Pitch Perfect

If you aspire to write, or have taken up the challenge and Named yourself a Writer, here’s a tip for you. You are never going to produce the perfect pitch, query letter, submission package, or manuscript.

This is what the beginning of Chapter 31 the last chapter in my submission should’ve looked like:

“Vian and Lila, Tallem and Liesha decided to wait for Chalone, Pirelle, and Jalemi, whether or not they returned before the Portal collapsed.

The tremors from within the Portal ceased and the sky grew noticeably thicker as thunderclouds drawn by the disaster rolled across the ruins. Silence descended like a lead weight.”

Not bad, I thought as I hit ‘send’, and off it went on its way to the publisher. It was late and I’d read and read and re-read every word, sentence, paragraph and chapter.

Then about a week later as I worked through some of my notes that I take for every chapter, a bit like a blow-by-blow synopsis so I can keep track of the changes I’ve made in the manuscript as I edit, I opened the file called appropriately enough ‘Chapter 31’.

I looked at the first two sentences and this is what I read:

“Vian and Lila, Tallem and Liesha decided to wait for Chalone, Pirelle, and Jalemi, rushed up to, all having, whether or not they returned before the Portal collapsed.

The tremors from within the Portal ceased and the sky grew noticeably thicker as thunderclouds drawn by the disaster rolled across the ruins. Silence descended like a lead weight.”

And you know, I didn’t see it until I’d read that first sentence at least twice.

A few keystrokes and the words are deleted, but how many more are lurking within the pages of Mortal Instinct?

Not many, but at least one more, that I will hopefully catch before it’s read by someone who has the power to decide if my story is publishable. (Apart for the unfortunate editor who will come to that passage in the attachment I so blithely emailed, and have a ‘huh?’ moment – for that I do apologise)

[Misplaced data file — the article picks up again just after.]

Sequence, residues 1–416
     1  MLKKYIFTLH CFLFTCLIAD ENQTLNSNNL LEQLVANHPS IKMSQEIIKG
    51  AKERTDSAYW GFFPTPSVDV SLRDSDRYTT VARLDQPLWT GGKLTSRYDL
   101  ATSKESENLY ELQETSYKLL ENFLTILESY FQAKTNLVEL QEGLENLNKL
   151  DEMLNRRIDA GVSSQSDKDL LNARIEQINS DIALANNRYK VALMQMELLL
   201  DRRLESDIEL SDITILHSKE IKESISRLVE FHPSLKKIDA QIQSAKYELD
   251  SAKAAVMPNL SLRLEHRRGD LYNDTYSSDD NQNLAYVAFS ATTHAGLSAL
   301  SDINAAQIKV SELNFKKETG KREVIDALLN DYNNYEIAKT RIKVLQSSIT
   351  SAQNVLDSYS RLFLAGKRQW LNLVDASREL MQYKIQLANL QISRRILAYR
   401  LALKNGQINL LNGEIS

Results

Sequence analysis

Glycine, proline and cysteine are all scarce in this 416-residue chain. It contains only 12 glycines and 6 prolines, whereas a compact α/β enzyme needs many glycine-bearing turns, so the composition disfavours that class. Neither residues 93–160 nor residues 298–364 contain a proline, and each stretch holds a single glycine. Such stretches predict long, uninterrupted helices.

There is a story that someone told me long ago, about a weavers guild in South America, who intentionally place a flaw in the fabric they weave. Because, you see, if a mortal produced perfection, which is strictly the province of the Gods, then the Gods would be angry and would make their lives rather miserable at the very least. So the weavers, being canny folk, and knowing they can indeed produce a perfect piece of cloth, mis-weave a single thread and thus appease the Gods.

We humans understand the concept of perfection, but we choose to be born mortal for this cycle of our existence, (for whatever incomprehensible reasons) and by our very natures weave at least one flaw into every task we accomplish.

Now, this flaw in my manuscript, did I do it on purpose? No, of course not. Will it stop me from striving to write the absolute best I can? Never. Will it serve to remind me that I am mortal, with all that that entails. Oh Yes!

.

“A clumsy bird that flies early will get to the forest first” – Thoughts from an Ancestor

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2 comments on “Pitch Perfect

  1. clarbojahn says:

    The flaw in the fabric also comes to us from the Omish religion. The women purposely sew their quilts with a flaw because only God creates things of perfection. They know they are only human. Thankyou, Clar

    Like

    • Widdershins says:

      I find it interesting that cultures around the world who have/had their roots firmly anchored in the spirit or heart of the land have so many of their traditions in common.

      Like

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